(b, 1841, Limoges, d. 1919, Cagnes-sur-Mer)
French Impressionist painter and sculptor. He was born in Limoges in 1841 as the child of a working class family. In 1845 his family moved to Paris where he went to work at the age of 13 as a decorator of factory-made porcelain, copying the works of Boucher. From 1862 to 1864 he attended the École des Beaux-Arts in Paris and studied under Charles Gleyre. He met Frédéric Bazille, Claude Monet and Alfred Sisley. He exhibited at the Salon in 1864.
His early work reflected many influences including those of Courbet, Manet, Corot, Ingres and Delacroix. Under the influence of Gustave Courbet and painters of the School of Barbizon he turned to plein air painting. He began to earn his living with portraiture in the 1870s; an important work of this period was Madame Charpentier and her Children (Metropolitan Museum of Art, New York).
Together with Claude Monet he develops the new painting style of Impressionism around 1870, he is regarded as one of its main representatives. He partakes in three group exhibitions of the Impressionists, for financial reasons he then again shows works at the conventional salons. However, his situation improves as the art dealer Durand-Ruel is his reliable customer.
In 1881-82 Pierre-Auguste Renoir goes on three longer journeys to Algeria and Italy. Returning to Paris, a successful exhibition in 1883 established him financially. His painting style slightly leaves the grounds of Impressionism as of the early 1880s, he begins to emphasize contours more and to model the physical features more plastically. His ecstatic sensuality, particularly in his opulent, generalized images of women, and his admiration of the Italian masters removed him from the primary Impressionist concern: to imitate the effects of natural light.
After a brief period, often termed "harsh" or "tight," in which his forms were closely defined in outline (e.g., the Large Bathers, 1884-87; Museum of Art, Philadelphia), his style of the 1890s changed, diffusing both light and outline, and with dazzling, opalescent colours describing voluptuous nudes, radiant children, and lush summer landscapes.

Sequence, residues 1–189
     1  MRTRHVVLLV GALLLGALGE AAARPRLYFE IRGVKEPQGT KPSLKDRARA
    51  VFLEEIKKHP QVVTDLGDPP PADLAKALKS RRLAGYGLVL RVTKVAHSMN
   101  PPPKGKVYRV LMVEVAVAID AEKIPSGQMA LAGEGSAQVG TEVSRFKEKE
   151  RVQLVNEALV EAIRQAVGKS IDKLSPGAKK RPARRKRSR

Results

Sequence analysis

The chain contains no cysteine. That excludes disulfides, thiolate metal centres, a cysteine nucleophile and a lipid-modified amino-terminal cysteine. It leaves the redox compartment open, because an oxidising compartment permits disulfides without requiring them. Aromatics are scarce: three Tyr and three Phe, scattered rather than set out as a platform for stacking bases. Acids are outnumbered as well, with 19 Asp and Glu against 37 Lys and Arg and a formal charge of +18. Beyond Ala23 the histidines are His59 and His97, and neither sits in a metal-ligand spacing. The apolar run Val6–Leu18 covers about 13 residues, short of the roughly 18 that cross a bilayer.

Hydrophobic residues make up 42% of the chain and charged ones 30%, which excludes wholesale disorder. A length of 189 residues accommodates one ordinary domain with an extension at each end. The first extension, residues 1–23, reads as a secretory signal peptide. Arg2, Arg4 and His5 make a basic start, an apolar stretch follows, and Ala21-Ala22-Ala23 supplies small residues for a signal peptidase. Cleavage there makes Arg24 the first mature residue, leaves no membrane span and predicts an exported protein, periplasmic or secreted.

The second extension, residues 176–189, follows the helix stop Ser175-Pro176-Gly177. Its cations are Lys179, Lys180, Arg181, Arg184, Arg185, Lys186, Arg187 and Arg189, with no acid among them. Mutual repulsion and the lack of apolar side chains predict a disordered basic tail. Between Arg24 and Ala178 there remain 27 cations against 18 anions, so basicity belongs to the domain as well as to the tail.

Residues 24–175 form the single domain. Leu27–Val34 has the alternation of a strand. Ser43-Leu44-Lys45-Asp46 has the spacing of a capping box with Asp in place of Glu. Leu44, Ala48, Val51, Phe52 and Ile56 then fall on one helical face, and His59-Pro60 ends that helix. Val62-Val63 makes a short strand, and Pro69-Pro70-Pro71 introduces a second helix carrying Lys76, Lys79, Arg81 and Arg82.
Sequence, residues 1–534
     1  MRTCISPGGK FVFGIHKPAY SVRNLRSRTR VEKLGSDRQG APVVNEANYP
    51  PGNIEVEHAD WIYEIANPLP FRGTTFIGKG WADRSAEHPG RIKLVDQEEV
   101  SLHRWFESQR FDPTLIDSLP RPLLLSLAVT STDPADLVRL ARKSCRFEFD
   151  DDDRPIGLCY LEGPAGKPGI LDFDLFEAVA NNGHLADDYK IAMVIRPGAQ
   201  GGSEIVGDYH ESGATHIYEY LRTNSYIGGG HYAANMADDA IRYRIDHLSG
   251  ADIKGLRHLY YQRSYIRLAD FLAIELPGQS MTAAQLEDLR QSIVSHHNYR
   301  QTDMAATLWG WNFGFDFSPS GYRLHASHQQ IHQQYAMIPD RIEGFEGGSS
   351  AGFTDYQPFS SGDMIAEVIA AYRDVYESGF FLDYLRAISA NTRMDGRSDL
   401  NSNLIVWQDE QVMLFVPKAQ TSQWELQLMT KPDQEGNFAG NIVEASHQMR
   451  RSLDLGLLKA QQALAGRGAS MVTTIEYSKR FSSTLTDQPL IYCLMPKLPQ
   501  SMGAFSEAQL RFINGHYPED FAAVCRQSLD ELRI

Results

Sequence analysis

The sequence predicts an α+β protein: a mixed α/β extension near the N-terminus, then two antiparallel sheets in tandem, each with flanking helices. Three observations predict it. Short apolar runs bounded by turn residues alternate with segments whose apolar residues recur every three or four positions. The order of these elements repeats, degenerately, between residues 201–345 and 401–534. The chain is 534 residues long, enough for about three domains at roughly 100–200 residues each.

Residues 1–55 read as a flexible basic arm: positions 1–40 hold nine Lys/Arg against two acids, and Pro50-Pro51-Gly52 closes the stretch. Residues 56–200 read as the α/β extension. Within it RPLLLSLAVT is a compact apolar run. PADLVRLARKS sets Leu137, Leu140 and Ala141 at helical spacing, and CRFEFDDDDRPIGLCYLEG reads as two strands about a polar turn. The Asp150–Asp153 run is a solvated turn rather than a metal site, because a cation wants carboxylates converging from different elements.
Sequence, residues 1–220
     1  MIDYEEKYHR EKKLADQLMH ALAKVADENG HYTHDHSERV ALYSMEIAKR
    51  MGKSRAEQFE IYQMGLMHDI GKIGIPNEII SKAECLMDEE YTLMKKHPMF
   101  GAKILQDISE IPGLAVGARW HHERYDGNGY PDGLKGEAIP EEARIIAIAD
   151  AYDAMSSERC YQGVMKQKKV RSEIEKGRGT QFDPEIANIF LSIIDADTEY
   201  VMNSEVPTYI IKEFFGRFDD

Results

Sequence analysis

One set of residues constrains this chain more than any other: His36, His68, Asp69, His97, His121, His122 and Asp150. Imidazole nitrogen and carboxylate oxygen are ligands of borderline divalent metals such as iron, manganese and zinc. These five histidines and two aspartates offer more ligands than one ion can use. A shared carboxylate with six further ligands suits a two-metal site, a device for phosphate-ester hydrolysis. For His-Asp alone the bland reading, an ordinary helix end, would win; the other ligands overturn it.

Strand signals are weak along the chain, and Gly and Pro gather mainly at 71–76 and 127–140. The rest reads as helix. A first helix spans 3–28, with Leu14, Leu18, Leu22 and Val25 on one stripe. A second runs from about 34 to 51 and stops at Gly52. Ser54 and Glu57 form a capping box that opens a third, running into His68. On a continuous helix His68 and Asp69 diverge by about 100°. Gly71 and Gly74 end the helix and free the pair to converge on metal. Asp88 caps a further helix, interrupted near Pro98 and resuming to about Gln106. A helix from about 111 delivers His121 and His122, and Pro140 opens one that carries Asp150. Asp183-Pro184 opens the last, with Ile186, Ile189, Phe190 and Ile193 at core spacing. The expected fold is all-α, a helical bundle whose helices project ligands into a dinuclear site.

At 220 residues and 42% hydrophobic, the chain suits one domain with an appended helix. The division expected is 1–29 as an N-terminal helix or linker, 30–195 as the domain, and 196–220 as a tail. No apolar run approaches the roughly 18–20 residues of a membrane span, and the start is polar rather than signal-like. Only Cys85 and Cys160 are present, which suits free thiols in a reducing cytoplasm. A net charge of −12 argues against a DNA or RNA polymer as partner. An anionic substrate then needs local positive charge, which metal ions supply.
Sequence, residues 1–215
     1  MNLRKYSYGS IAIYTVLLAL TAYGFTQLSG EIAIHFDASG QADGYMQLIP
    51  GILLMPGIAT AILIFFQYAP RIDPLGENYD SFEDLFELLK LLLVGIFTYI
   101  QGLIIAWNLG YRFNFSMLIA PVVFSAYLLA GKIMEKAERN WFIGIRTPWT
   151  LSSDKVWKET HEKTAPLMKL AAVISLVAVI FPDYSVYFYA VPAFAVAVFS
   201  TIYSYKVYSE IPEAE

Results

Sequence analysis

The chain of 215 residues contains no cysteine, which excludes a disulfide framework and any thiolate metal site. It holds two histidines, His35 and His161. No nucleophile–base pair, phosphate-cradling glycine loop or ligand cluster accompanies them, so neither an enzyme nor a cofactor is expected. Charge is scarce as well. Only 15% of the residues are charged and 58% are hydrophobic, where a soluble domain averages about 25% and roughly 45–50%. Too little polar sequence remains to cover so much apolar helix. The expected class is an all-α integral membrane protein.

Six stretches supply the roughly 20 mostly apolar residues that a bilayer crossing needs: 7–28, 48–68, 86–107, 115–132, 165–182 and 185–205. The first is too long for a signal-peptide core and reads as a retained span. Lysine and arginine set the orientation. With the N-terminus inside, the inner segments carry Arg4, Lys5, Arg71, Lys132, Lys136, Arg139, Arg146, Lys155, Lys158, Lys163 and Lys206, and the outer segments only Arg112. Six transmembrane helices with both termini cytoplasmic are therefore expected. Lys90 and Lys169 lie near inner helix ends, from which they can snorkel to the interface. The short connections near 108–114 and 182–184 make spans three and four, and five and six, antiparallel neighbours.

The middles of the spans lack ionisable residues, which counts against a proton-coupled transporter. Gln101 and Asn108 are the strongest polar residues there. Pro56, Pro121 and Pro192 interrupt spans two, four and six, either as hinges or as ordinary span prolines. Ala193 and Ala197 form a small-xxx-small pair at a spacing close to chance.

In 1890, he married Aline Victorine Charigot, who, along with a number of the artist's friends, had already served as a model for Luncheon of the Boating Party (1881), and with whom he already had a child, Pierre, in 1885. After his marriage, Renoir painted many scenes of his wife and daily family life, including their children and their nurse, Aline's cousin Gabrielle Renard. The Renoirs had three sons, one of whom, Jean, became a filmmaker of note and another, Pierre, became a stage and film actor.
In 1898 Renoir begins to suffer from rheumatoid arthritis, which makes it hard for him to do artistic work. He spends more and more time in the dry climate of Southern France, as of 1905 he makes Cagnes his permanent place of residence. A first retrospective is shown at the Paris fall salon in 1904.
Despite illness and personal tragedy he began to produce major works of sculpture together with Maillol's student Richard Guino, who worked the clay, a co-operation that had been arranged by Ambroise Vollard. Renoir also used a moving canvas, or picture roll, to facilitate painting large works with his limited joint mobility.
He died in the village of Cagnes-sur-Mer, Provence-Alpes-Côte d'Azur, on December 3, 1919.
Pierre-Auguste Renoir was one of the founders and major figures of the Impressionist movement. He has become identified with its world of Parisian leisure (gardens, cafés, dances, boating scenes) which he infused with a luminous sensuality derived from his apprenticeship as a painter on porcelain of 18th-century Rococo scenes. His later work is devoted primarily to the representation of the female nude, with which he is most associated. Among writers, support came from Zola, Huysmans, Verhaeren, and above all Mallarmé, one of his closest friends, whose portrait he painted in 1892.